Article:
In 2007 Andrei Snyman established the Northern Tuli Predator Project, a registered research project with the Botswana Department of Wildlife and Natural Parks. The project looks at aspects of ecology and behaviour of large carnivores specialising in lions and leopards.
One of the key aspects of his research is the mitigation of human-predator conflict in the region. What started out as a two-year Masters-degree project has now developed into a comprehensive PhD program at the School of Natural Resources, University of Nebraska- Lincoln, USA.
Wild Animal Encounters Foundation Director Ben Britton originally met Andrei back in 2009 whilst on assignment for Nat Geo Wild, with the two forming an instant friendship based on their mutual goals for big cat conservation. Over the last six years Ben has been assisting Andrei with both his research work on the ground in Botswana, and by raising awareness and much needed funds back in Australia via the Wild Animal Encounters Foundation.
Imagine a world without the king of beasts, imagine Africa without its most iconic species- the lion. That is quickly becoming a reality today. There are over 7 billion people on earth and the African continent alone has over 1.2 billion. To sustain these high numbers, people are consuming the planets natural resources at an alarming rate.
As a result, the lion have disappeared from over 80% of its historic range and in the last 50 years lion numbers have plummeted from over 200,000 to less than 32,000. Lions are currently listed as VULNERABLE on the IUCN red list. The four primary factors driving the decline in lion numbers are: Habitat loss, depletion of natural prey, increasing human wildlife conflict and poaching.
Most lion populations today are restricted to small-protected areas scattered across the continent. In fact, there are only 67 designated lion conservation units throughout the landscape and only 10 of them are considered ‘lion-strongholds’, which essentially has more than a 1,000 lions. The majority however are small and fragmented – essentially islands amongst a sea of humanity.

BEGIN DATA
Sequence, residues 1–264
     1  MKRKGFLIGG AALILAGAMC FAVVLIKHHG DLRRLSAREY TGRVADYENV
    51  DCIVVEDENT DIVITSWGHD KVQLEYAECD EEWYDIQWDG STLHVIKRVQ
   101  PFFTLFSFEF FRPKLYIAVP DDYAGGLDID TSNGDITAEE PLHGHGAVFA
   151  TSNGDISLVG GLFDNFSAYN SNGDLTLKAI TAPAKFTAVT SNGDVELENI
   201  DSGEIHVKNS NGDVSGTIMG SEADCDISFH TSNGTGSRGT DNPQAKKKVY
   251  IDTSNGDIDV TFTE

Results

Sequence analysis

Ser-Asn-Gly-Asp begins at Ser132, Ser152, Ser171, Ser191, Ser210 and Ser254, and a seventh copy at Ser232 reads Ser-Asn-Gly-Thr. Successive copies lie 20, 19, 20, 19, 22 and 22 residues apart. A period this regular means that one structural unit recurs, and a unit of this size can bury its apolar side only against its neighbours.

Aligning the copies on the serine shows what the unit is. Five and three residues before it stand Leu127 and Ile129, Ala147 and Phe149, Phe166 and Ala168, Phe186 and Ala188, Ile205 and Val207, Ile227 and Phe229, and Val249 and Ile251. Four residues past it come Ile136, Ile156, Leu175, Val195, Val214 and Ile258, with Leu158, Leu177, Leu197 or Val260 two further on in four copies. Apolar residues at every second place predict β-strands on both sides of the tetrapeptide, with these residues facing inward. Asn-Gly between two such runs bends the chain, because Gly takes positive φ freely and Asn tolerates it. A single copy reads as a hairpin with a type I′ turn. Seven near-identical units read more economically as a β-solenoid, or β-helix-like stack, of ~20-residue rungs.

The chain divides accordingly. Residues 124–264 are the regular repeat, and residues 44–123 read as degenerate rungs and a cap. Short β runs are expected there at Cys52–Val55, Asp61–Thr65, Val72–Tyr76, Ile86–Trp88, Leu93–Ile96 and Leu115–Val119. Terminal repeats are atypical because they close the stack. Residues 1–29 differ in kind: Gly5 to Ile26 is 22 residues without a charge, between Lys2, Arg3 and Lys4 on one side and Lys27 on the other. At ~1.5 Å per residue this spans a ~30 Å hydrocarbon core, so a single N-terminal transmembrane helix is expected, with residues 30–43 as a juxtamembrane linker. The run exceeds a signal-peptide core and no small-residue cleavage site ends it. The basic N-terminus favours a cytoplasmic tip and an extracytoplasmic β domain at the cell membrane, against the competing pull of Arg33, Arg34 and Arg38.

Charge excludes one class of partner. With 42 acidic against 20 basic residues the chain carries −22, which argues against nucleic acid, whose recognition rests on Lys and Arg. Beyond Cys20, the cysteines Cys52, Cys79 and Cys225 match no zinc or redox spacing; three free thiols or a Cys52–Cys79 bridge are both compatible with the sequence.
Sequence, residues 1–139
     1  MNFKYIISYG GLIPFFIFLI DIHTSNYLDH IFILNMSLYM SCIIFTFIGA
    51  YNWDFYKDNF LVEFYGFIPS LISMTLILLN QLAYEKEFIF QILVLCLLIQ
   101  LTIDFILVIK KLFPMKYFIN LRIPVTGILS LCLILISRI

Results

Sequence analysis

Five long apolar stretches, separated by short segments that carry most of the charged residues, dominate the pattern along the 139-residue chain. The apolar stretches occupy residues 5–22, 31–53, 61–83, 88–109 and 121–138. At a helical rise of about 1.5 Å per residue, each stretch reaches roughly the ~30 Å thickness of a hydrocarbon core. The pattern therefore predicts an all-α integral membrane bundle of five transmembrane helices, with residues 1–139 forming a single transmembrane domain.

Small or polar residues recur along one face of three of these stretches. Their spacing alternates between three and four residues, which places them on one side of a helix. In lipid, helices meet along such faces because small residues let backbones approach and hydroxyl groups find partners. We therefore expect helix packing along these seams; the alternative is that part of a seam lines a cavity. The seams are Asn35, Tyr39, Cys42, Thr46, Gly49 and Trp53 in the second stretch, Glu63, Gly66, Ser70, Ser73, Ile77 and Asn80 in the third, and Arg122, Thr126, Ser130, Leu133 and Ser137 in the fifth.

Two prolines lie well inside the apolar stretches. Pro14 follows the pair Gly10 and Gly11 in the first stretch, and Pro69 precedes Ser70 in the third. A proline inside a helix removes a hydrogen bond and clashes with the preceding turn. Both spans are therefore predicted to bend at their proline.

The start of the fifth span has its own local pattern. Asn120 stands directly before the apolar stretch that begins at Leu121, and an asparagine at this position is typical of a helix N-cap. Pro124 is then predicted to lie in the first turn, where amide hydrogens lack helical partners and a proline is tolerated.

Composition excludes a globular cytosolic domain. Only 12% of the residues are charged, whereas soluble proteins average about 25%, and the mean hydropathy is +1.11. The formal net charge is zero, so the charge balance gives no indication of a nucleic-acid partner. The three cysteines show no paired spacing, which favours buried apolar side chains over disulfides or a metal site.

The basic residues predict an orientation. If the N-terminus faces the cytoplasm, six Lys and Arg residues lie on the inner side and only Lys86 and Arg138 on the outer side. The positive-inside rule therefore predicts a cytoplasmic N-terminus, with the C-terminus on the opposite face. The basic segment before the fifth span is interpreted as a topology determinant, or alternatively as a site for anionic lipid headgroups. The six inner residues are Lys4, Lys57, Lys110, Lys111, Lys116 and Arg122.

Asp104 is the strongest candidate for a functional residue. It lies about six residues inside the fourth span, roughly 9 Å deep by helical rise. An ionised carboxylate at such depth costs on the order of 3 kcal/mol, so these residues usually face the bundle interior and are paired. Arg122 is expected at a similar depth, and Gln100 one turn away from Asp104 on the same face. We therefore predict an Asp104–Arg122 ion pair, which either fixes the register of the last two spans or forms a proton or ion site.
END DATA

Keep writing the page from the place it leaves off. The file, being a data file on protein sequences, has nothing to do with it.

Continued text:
As with any animal population confined in an isolated area, lions are also vulnerable to local extinction due to stochastic events. Even though a small-protected area might not be viable for a lion population in the long run, a network of small-protected areas, connected by corridors, can in itself function as a larger body through which the viability and sustainability of lions can be maintained.
The fundamental purpose of corridors is to facilitate the passage of genetic material safely from one area to the next. The effectiveness of corridors depends on the type and quality of habitat it is comprised of, the surrounding matrix of land use and the width and length of each corridor.
The development and assessment of corridors has formed the backbone of the project. By implementing remote sensing and geographic information systems Andrei is able to identify and quantify landscape features and variables in an effort to model and predict viable corridors for lions throughout his study area. Model predictions are also based on empirical data of over a decade’s worth of lion GPS movement data, collected by GPS collars fitted to lions.